- ASUS Sabertooth Z77 with latest BIOS (1805)

Power Supply

- Corsair AX760i (760W PSU)
- http://www.corsair.com/us/power-supply-units/ax-series-power-supply-units/ax760i-digital-atx-power-supply-760-watt-80-plus-platinum-certified-fully-modular-psu.html

Display Device(s) and Connection(s) Used
- Samsung S27A950D 27'' 120Hz 3-D Ready Gaming Monitor

connected to GPU via a dual-link DVI cable

Applications and Games

- the only games i have tried are World of Warcraft and Sniper: Ghost Warrior.  It is especially noticeable in Sniper: Ghost Warrior.

CPU Details
- Intel Core i7-3770K  not currently overclocked but I have the same issue if I overclock it to 4.6 or 4.8

Motherboard BIOS Version
- ASUS BIOS 1805

System Memory Type & Amount
- four sticks of 4GB Corsair Dominator Platinum 1866 DDR3 totaling 16GB

Additional Hardware
- i am using an OCZ Vertex 4 as my SSD (only drive in the system), a really basic Optiarc CD/DVD drive, a bunch of Corsair SP120, AF120, and AF140 case fans, a Bigfoot Networks Killer 2100 NIC, and an ASUS PCE-N53 wireless adapter.


Additional Details
-this is a clean version of Windows 7 x64.  I have run the System File Checker, Chkdsk, and a full scan of the latest version of Malwarebytes Anti Malware.  This system is not infected.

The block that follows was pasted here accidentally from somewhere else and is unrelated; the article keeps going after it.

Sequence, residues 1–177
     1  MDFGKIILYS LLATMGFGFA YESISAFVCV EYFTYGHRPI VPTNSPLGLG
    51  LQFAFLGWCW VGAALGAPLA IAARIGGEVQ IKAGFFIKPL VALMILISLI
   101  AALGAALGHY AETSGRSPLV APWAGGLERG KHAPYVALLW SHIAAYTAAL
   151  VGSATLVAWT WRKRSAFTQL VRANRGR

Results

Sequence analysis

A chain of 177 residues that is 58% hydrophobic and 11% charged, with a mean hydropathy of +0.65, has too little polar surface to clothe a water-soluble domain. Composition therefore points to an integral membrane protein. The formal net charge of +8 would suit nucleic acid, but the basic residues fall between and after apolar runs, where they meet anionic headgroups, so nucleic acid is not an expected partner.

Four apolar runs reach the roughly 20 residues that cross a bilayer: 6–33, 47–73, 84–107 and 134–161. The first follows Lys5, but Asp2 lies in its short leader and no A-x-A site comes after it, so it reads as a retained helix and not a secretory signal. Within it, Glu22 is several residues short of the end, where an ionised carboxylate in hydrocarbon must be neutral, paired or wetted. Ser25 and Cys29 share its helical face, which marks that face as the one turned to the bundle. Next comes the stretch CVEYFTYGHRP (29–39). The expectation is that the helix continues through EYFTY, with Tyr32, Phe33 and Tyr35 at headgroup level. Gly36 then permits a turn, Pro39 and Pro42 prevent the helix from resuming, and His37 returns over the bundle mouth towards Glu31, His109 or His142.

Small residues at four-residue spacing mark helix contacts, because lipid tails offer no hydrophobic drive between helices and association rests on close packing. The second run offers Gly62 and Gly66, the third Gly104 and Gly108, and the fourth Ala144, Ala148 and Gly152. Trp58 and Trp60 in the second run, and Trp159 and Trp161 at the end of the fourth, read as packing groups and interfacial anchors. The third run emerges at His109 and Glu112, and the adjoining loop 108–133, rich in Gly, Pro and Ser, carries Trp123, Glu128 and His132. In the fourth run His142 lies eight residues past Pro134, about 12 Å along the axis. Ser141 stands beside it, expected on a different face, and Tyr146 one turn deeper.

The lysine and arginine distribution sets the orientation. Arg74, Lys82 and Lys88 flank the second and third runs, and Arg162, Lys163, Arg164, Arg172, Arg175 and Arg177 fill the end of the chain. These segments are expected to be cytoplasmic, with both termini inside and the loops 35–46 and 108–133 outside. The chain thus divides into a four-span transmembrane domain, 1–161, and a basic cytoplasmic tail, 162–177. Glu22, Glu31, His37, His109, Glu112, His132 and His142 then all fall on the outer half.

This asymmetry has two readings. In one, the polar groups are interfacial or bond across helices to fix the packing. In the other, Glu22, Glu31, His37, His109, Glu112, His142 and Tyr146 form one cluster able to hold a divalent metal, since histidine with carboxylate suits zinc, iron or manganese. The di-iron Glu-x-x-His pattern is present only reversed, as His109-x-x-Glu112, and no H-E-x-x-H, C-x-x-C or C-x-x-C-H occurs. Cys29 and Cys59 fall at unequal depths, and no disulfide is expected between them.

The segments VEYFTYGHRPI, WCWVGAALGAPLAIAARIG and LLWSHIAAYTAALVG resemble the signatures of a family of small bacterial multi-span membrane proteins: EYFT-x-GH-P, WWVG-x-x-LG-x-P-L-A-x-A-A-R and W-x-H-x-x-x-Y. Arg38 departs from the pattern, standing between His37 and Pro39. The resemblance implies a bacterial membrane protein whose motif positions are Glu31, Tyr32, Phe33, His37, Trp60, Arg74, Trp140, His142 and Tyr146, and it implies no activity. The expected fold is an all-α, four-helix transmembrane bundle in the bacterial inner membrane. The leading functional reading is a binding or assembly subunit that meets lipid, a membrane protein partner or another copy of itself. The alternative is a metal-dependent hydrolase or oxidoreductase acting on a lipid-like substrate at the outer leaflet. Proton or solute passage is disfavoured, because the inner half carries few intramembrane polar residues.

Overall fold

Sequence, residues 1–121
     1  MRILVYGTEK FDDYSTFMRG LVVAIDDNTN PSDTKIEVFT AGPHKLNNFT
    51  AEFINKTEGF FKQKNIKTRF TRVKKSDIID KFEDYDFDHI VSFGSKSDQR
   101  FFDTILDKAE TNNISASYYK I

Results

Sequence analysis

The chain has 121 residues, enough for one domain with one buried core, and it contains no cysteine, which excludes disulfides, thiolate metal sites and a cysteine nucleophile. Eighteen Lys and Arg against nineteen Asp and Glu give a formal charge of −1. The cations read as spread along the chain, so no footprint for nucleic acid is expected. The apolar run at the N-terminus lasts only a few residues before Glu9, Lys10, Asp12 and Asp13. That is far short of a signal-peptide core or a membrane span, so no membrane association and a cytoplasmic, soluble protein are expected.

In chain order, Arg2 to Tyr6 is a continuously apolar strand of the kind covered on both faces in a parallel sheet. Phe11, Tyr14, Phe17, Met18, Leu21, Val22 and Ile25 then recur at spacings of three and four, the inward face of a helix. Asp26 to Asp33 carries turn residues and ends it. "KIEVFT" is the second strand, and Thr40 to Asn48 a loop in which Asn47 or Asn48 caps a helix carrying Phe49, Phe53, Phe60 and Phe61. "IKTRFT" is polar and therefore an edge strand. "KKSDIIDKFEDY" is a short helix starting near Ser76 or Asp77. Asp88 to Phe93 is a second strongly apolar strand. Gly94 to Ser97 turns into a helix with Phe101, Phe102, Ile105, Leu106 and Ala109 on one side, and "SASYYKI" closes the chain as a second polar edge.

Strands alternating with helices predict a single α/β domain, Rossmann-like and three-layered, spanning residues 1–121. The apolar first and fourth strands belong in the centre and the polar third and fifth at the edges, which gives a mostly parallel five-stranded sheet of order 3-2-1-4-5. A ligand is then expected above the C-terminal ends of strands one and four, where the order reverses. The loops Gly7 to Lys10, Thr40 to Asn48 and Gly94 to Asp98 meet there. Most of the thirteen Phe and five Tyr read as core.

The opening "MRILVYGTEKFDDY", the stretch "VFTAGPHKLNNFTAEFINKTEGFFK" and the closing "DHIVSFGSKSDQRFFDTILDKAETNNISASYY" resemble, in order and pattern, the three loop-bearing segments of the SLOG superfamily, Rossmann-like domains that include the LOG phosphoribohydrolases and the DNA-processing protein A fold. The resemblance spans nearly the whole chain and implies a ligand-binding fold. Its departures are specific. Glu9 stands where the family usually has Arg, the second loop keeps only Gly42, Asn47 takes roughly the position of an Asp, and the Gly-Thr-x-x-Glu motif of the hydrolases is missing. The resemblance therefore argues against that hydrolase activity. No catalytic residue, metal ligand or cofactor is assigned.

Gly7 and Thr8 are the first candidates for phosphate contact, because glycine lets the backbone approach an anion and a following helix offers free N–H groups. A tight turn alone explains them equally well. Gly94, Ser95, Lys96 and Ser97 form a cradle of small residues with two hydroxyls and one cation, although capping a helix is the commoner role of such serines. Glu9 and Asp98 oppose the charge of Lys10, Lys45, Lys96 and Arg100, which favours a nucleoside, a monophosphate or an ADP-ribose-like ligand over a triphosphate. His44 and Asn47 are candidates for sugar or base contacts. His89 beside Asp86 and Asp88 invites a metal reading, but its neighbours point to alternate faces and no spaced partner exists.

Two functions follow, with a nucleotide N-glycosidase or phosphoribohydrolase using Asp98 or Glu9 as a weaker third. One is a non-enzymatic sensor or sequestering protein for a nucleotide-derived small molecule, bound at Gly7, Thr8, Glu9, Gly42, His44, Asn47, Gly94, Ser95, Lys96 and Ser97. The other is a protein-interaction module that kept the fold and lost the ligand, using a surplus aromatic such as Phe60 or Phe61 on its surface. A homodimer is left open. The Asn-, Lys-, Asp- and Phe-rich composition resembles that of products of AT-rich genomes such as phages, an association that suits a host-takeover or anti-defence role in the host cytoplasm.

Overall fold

-my scores and overall system performance in many synthetic benchmarks (3DMark, 3DMark11, Unigine Valley) are all normal.  prime95 is stable and i have done memory benchmarks with AIDA64

 03/26/2013 02:59 PM
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Mime
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Sounds like your having fun with frame interpolation/doubling.

Most 120hz displays have the ability to repeat the last frame displayed, or generate intermediate frames in order to make whats usually a much slower input signal work with a 120hz refresh rate.  When all goes well there's little or no noticable impact.  When things don't go well you get stutters and jerks and various annoying problems like this.

From the sounds of it, your machine is confused on how to close the gap when the refresh rate and frame rate don't match.



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Edited: 03/26/2013 at 03:06 PM by Mime
 03/26/2013 06:37 PM
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Eydee
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Setting the monitor to 60Hz could help.



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 03/26/2013 06:58 PM
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Mime
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Clearly eydee is less concerned with inciting nerdrage than I am. 

"OMG D00D! 120hz is double teh 60!!!oneone!!eleventy!!!"